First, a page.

The colour of fossil feathers

Jakob Vinther, Derek E.G Briggs, Richard O Prum, Vinodkumar Saranathan


Feathers are complex integumentary appendages of birds and some other theropod dinosaurs. They are frequently coloured and function in camouflage and display. Previous investigations have concluded that fossil feathers are preserved as carbonized traces composed of feather-degrading bacteria. Here, an investigation of a colour-banded feather from the Lower Cretaceous Crato Formation of Brazil revealed that the dark bands are preserved as elongate, oblate carbonaceous bodies 1–2 μm long, whereas the light bands retain only relief traces on the rock matrix. Energy dispersive X-ray analysis showed that the dark bands preserve a substantial amount of carbon, whereas the light bands show no carbon residue. Comparison of these oblate fossil bodies with the structure of black feathers from a living bird indicates that they are the eumelanin-containing melanosomes. We conclude that most fossil feathers are preserved as melanosomes, and that the distribution of these structures in fossil feathers can preserve the colour pattern in the original feather. The discovery of preserved melanosomes opens up the possibility of interpreting the colour of extinct birds and other dinosaurs.

1. Introduction

In contrast to most mammals, birds are able to see a broad range of colours. This colour vision complexity has led to the evolution of coloured plumage for sexual display and camouflage. A number of pigments and nanostructures produce plumage colours. Black and brown feather colours are generated by eumelanins and phaeomelanins, respectively. Melanins are complex cross-linked oligomeric to polymeric structures composed of units of dihydroxyindole and dihydroxyindole carboxylic acid (Liu & Simon 2003). Melanins are the most common and broadly distributed pigments in feathers (McGraw et al. 2005; McGraw 2006) as well as in the rest of the animal kingdom (Liu & Simon 2003; Liu et al. 2005). Melanins are synthesized within membrane-bound, lysosome-like organelles called melanosomes inside pigment cells called melanocytes (Marks & Seabra 2001). The melanosomes are then transferred to keratinocytes during feather morphogenesis to create pigmentation patterning (Durrer 1986; Prum & Williamson 2001, 2002). Laminar nanoscale organization of melanosomes in feather barbules produces iridescent structural coloration in many birds (Prum 2006).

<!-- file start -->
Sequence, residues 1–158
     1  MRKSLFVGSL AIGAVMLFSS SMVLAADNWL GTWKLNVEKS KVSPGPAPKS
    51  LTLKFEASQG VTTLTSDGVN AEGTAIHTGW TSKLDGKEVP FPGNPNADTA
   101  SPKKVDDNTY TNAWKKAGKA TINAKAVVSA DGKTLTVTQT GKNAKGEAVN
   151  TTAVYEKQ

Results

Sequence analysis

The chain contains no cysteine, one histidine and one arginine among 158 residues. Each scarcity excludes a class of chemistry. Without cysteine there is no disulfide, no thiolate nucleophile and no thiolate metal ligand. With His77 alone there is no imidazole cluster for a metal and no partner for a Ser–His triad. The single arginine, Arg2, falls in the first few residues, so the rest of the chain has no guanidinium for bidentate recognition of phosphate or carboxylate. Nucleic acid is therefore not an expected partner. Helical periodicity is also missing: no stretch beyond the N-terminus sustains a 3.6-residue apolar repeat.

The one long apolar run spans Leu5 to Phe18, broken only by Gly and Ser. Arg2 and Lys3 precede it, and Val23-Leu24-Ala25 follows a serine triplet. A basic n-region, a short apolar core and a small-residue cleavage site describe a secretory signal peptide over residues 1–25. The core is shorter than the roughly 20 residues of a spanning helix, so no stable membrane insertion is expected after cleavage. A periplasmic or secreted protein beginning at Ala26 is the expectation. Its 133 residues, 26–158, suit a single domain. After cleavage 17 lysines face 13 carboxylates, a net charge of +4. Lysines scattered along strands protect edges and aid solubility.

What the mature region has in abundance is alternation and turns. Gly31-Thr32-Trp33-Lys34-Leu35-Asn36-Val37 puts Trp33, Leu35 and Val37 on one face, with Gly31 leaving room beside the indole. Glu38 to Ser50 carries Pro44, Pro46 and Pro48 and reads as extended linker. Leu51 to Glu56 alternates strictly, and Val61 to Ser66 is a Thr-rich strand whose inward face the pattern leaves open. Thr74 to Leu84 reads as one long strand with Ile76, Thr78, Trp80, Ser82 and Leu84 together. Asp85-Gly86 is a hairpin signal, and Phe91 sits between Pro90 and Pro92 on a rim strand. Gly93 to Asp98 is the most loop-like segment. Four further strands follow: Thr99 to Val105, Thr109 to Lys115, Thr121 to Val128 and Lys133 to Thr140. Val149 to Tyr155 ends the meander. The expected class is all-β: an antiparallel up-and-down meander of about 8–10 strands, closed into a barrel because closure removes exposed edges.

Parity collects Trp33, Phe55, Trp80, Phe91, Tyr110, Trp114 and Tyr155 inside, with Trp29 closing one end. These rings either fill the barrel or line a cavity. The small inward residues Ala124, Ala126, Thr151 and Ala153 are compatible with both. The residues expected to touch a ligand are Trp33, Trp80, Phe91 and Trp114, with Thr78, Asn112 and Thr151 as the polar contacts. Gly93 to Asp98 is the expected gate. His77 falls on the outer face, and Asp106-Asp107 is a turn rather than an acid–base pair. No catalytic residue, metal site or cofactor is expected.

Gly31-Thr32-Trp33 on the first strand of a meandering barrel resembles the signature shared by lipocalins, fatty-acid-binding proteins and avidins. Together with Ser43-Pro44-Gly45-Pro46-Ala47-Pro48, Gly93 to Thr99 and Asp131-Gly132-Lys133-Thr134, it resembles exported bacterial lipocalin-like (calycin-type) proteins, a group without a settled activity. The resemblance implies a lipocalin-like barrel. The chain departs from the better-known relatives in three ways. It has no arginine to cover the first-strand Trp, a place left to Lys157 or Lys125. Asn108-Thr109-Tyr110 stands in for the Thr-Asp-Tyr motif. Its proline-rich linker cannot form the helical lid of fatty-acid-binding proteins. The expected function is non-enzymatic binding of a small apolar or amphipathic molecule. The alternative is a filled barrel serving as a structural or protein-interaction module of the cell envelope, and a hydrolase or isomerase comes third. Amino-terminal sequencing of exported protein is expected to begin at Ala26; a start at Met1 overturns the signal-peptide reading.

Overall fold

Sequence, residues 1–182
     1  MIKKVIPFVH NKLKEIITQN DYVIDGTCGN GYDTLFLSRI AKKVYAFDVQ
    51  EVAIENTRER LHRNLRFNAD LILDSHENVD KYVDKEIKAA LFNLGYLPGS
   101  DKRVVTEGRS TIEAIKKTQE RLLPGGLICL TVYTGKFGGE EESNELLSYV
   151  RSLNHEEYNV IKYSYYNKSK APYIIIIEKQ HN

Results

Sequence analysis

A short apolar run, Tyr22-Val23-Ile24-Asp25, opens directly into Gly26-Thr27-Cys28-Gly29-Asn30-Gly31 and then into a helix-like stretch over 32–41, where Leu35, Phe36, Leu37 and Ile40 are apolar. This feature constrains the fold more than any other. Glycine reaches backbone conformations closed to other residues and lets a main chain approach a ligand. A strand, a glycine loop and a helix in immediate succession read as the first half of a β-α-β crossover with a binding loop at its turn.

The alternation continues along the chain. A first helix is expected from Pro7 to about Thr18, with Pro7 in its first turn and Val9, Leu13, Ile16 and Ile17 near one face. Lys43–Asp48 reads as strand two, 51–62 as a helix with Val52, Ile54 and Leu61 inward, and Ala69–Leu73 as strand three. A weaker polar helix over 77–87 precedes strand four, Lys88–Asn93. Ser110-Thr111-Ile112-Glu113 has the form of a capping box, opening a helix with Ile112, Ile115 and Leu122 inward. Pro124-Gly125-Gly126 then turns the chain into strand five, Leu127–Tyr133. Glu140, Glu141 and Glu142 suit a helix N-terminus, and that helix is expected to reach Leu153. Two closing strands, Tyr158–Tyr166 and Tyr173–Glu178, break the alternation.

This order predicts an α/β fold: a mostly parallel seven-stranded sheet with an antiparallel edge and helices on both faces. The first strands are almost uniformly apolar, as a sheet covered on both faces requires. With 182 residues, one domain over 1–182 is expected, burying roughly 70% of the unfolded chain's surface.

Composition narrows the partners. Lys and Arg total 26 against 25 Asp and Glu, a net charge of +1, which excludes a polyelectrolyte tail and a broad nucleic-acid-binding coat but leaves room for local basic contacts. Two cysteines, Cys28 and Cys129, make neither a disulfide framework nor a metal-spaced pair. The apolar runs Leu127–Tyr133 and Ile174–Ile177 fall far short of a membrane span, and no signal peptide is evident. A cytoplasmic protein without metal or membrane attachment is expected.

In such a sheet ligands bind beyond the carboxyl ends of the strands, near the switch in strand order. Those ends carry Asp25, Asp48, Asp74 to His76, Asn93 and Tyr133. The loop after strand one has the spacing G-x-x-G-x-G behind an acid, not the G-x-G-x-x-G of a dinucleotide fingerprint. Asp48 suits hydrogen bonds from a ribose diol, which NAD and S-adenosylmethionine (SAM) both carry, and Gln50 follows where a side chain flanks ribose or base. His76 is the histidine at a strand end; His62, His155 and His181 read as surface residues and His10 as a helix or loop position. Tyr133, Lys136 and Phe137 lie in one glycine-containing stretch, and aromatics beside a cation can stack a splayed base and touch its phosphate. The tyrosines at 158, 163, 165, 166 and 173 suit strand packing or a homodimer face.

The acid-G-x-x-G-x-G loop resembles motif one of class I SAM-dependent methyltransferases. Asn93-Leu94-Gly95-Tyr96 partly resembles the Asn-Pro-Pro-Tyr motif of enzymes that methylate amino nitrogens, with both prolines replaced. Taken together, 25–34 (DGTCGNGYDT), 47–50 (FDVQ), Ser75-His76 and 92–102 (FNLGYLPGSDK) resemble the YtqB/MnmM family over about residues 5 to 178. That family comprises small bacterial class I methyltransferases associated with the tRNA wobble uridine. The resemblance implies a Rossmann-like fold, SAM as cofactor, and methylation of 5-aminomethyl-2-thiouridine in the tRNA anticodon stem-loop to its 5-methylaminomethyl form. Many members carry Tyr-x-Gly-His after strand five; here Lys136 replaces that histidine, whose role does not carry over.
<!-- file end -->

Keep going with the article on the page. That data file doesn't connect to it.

Fossil feathers are known from approximately 50 deposits ranging in age from Jurassic to latest Tertiary (Davis & Briggs 1995). They are preserved as carbonaceous residues in the majority of localities (Davis & Briggs 1995). Previous investigations of samples from a number of different deposits using scanning electron microscopy (SEM) revealed masses of small oblate bodies approximately 2 μm in length. These bodies, which delineate the feather outline, were interpreted as fossilized feather-degrading bacteria (Wuttke 1983). We decided to reinvestigate these structures to determine whether they might represent melanosomes rather than bacteria.

2. Material and methods